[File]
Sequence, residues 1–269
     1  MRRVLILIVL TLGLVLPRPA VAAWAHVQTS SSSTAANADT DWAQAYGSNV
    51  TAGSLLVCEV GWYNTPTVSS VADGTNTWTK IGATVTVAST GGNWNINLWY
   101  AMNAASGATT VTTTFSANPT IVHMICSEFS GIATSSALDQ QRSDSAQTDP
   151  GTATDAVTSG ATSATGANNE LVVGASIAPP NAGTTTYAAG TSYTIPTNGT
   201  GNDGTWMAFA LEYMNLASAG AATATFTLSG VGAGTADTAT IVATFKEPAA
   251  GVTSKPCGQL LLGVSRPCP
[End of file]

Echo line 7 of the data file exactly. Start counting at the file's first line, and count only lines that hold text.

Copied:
   251  GVTSKPCGQL LLGVSRPCP